Orienting to space

Not too long ago, I posted Orienting to stillness, orienting to motion, providing some options for people who are interested in exploring awareness. Today I want to share some experiences with orienting to space.

First, a little backtracking. Starting in 2010, I wrote here about the 12 states of attention (and also here), which I learned from Nelson Zink on his website Navaching (which also included instructions for night walking), which sadly he has taken down. Reading his book of stories The Structure of Delight is an experience I highly recommend. It’s like no other book you’ve encountered, and if you’re interested in acquiring wisdom from a bunch of interesting characters, you’ll enjoy it.

(If you don’t want to click the links about the 12 states, here’s a summary: We primarily use our visual, auditory, and kinesthetic senses. Our experience can be subdivided into narrow and broad. For instance, a broad auditory state would be listening to the whole orchestra playing, while a narrow auditory state would be singling out the oboe in the orchestra. These states can be further divided into external and internal. An external visual state is seeing your environment with your eyes, while an internal one is imagining or remembering something. The image below shows the 12 states.) Continue reading

Developing attentional flexibility: the 12 states of attention

I just took four more days of training in biodynamic craniosacral therapy, and what I learned about practicing it has made me want to revisit the 12 states of attention.

Attentional flexibility is a skill that has many uses. Here’s an example: Someone has a chronic pain in their left leg, sciatica. Let’s say the person is seeking professional help in the field of alternative medicine and doesn’t want to take painkillers or see surgery as a solution, but meanwhile, there’s the pain, which can be wearisome, frustrating, and debilitating.

What if the person could transform the pain felt specifically in the left leg by diffusing it all over their body, so there was less pain spread more widely?

What if the person could then move the pain out to the skin, and then outside of their body?

What if the person could find a place on their body that was not feeling any pain and focus their attention fully on that place? What would happen to the pain?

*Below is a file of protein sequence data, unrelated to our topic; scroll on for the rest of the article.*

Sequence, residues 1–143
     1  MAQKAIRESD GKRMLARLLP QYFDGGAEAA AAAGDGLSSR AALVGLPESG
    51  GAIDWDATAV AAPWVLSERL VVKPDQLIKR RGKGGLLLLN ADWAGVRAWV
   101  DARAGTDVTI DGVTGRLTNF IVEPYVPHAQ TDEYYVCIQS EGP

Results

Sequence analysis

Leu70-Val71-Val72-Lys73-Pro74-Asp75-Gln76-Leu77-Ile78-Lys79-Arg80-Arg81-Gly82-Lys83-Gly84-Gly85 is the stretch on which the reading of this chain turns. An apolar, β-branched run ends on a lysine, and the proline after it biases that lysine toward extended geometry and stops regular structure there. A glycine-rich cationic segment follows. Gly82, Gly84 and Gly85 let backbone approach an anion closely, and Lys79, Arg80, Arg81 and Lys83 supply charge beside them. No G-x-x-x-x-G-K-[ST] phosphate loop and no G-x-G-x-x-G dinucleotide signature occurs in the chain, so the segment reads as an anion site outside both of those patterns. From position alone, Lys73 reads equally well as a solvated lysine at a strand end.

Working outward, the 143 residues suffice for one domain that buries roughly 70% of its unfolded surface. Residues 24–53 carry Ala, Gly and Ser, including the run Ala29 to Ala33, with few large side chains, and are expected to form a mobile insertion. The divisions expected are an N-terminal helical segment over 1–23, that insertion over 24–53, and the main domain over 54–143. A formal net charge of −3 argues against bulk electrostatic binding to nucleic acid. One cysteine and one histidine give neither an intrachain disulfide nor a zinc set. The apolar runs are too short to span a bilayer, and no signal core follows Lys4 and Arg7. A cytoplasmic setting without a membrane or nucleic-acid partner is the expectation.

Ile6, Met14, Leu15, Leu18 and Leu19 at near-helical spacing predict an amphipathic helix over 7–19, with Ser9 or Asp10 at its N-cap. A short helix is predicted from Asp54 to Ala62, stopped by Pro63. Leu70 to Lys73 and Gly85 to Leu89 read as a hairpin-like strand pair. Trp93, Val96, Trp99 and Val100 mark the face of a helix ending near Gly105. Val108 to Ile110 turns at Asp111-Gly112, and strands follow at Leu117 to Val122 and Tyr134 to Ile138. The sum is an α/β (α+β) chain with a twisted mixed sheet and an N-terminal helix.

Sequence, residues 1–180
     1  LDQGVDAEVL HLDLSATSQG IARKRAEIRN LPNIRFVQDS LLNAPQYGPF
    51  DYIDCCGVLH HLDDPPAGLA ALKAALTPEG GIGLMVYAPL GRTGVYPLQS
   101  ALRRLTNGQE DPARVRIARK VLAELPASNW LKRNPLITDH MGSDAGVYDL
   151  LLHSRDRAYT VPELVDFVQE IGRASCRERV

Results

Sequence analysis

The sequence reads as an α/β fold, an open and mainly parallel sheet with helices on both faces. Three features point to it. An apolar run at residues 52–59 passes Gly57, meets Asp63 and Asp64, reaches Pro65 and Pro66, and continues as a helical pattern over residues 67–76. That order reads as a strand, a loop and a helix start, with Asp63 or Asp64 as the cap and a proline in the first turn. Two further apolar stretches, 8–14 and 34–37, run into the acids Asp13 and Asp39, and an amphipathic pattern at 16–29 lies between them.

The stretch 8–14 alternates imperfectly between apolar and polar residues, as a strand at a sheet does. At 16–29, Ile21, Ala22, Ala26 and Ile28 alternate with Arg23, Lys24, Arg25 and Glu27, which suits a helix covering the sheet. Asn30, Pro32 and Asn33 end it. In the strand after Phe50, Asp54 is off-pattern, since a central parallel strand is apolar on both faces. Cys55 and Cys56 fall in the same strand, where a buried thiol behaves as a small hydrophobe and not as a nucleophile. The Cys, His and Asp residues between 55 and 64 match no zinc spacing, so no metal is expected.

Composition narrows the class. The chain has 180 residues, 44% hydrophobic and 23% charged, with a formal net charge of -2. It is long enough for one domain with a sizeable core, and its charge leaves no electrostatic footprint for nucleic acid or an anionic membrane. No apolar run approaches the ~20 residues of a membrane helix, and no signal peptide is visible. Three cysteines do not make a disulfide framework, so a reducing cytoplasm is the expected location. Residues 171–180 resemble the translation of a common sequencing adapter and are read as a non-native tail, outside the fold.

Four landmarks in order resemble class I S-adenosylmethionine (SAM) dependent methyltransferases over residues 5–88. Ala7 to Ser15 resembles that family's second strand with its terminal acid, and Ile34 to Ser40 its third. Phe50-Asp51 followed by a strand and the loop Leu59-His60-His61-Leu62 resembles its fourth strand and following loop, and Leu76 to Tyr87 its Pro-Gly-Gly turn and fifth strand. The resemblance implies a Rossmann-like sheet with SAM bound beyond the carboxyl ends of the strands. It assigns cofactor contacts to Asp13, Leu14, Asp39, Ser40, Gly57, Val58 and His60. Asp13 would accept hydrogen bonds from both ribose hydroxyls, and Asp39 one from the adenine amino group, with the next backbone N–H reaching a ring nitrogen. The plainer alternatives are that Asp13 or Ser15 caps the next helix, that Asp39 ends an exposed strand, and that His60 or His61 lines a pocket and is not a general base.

What if the pain had a color or sound, and it changed to a healing color or sound?

These are examples of attentional flexibility, which can be a useful skill not only in managing pain, but also for dealing with any kind of state that we’d rather not be experiencing – depressive thoughts, negative self-talk, any kind of “stuckness”.

Attentional flexibility may not be a “permanent” solution to some problems, but it can create a sense of spaciousness around problems, provide options, and allow one to have a broader experience of life.

In biodynamic craniosacral therapy, a practitioner can use attentional flexibility to bring attention to his/her own body and specific sensations of biological and energetic processes, to his/her connection with the client, to the client’s processes, to the unit of client/practitioner, to the space inside the room, out to the horizon and beyond, to intuitive thoughts that arise, and more.

Attentional flexibility can be learned by practicing the 12 states of attention. For more, read my original post on the 12 states from October 2010.

Lovely sweet rain, a morning meditation, and MONEY!

I am adoring my experience of a lengthy, soaking RAIN here in drought-stricken Austin, Texas — off and on yesterday, seemingly all night, and most of this Sunday morning. I’m guessing maybe two inches of precious rain has fallen. Feels like such a blessing.

We (people, air, plants, wildlife, soil, streams, lakes, roads) need this so badly. There are cracks an inch wide in the soil under my trailer and under the dead grass. The only green grass around is under trees that got watered in an effort to keep them alive, and around the new trees I planted starting in late August. They’re drinking it up.